EnglishEdit

EtymologyEdit

Of unknown origin, possibly from obsolete Middle English gawren (to stare) which is of uncertain origin, probably from Old Norse (to watch, heed) or gaurr (rough fellow) (Proto-Indo-European *gʰow-rós, from *gʰew- (to be angry))[1][2]. Compare with English gaw.

PronunciationEdit

  • IPA(key): /ˈɡɛəɹɪʃ/
  • (file)

AdjectiveEdit

garish (comparative more garish, superlative most garish)

  1. Overly ostentatious; so colourful as to be in bad taste. [from 1540s]
    Synonyms: see Thesaurus:gaudy
    The dress fits her well, but the pattern is rather garish.
    • 1907, Robert William Chambers, chapter VIII, in The Younger Set, New York, N.Y.: D. Appleton & Company, OCLC 24962326:
      "My tastes," he said, still smiling, "incline me to the garishly sunlit side of this planet." And, to tease her and arouse her to combat: "I prefer a farandole to a nocturne; I'd rather have a painting than an etching; Mr. Whistler bores me with his monochromatic mud; I don't like dull colours, dull sounds, dull intellects; []."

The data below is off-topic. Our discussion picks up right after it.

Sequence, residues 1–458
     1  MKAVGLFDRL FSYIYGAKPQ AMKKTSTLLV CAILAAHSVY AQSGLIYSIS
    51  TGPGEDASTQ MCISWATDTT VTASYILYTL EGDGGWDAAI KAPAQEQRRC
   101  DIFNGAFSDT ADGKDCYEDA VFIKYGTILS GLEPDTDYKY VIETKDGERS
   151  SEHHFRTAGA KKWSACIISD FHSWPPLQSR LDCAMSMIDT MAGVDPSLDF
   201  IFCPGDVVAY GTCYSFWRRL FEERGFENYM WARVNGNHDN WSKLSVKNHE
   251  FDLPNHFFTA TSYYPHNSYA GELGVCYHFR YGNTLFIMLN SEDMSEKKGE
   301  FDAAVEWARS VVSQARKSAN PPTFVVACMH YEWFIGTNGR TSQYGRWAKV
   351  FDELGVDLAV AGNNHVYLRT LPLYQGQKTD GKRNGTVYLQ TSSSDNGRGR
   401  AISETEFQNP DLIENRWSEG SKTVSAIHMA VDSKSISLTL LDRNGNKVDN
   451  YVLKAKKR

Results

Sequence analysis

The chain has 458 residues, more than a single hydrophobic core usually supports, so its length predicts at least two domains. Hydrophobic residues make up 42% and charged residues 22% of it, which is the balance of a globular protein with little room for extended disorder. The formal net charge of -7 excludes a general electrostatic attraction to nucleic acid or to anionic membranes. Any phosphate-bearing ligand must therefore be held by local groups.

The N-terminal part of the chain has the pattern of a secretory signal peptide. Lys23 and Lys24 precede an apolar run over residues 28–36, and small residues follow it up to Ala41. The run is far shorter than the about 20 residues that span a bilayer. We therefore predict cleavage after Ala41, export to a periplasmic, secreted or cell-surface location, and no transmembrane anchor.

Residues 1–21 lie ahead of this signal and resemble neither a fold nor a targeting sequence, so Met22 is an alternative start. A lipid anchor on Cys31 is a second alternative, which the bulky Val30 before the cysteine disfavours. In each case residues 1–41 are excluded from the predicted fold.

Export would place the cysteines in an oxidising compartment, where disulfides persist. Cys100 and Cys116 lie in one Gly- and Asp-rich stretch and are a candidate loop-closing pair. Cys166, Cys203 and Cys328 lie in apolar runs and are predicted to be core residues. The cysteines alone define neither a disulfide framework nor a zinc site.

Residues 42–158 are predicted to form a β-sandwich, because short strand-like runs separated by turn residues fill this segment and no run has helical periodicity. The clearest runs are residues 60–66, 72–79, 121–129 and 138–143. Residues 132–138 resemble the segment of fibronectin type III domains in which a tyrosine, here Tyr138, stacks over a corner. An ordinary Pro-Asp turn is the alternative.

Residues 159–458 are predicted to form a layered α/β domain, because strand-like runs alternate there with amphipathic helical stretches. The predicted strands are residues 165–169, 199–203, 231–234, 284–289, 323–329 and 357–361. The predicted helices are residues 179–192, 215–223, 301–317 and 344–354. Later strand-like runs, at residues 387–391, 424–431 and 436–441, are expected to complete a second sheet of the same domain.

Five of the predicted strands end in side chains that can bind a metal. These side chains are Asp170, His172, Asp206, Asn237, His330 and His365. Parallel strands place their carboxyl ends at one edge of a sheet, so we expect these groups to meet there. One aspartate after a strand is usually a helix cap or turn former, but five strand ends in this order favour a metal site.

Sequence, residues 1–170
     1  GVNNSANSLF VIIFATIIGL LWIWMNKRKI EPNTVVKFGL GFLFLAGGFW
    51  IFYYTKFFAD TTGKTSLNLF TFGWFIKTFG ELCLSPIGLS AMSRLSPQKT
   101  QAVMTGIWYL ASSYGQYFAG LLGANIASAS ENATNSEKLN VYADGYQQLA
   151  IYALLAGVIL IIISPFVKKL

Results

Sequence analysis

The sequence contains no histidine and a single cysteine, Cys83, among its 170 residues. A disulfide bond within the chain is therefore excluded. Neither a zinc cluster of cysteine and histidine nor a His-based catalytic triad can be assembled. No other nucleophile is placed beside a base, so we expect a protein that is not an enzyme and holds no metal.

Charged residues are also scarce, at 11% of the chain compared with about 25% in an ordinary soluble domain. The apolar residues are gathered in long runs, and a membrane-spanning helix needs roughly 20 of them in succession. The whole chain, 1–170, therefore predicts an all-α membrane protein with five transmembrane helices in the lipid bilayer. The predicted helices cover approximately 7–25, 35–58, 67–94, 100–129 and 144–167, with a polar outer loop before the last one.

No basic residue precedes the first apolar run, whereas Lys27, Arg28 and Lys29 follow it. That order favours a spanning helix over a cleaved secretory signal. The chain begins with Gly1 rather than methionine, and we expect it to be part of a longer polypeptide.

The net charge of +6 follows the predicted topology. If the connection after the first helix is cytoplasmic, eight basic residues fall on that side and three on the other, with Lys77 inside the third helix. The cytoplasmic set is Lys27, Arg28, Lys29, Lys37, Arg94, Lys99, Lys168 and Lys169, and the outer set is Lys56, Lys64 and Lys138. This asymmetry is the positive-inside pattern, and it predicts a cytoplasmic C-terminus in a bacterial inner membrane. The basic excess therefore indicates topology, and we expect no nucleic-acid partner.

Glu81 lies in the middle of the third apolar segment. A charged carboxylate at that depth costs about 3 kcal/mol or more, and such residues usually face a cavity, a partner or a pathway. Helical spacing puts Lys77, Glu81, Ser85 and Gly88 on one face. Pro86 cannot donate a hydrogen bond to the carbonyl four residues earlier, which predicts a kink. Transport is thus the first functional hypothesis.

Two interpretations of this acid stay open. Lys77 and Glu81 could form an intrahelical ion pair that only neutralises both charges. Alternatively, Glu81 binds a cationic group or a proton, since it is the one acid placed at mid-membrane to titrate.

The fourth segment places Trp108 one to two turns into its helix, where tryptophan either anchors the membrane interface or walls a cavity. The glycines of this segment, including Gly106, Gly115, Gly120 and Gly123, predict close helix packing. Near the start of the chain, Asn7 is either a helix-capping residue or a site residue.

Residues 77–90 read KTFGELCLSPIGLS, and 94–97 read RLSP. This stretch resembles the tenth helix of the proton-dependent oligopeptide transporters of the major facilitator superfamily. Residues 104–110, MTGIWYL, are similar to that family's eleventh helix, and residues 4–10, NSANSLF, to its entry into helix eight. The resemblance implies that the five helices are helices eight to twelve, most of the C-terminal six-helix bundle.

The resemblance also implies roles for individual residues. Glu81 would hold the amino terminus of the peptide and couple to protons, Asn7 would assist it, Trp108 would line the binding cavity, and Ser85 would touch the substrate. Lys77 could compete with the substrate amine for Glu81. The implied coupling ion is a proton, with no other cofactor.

• 2003 August 10, “The Devil's Hands are Idle Playthings”, in Futurama, season 5, episode 16, written by Ken Keeler, Fox Broadcasting Company:
      Leela: He gave me mechanical ears / Effective though just a bit garish.
    • 2012, Andrew Martin, Underground Overground: A passenger's history of the Tube, Profile Books, →ISBN, page 57:
      She also said that Thameslink trains were deliberately garish, so as to lure drivers stuck on the M1, which runs alongside the line around Radlett.

Derived termsEdit

TranslationsEdit

ReferencesEdit

  1. ^ garish” in Douglas Harper, Online Etymology Dictionary, 2001–2020.
  2. ^ Mallory, J. P.; Adams, D. Q. (2006) The Oxford introduction to Proto-Indo-European and the Proto-Indo-European world, Oxford University Press

AnagramsEdit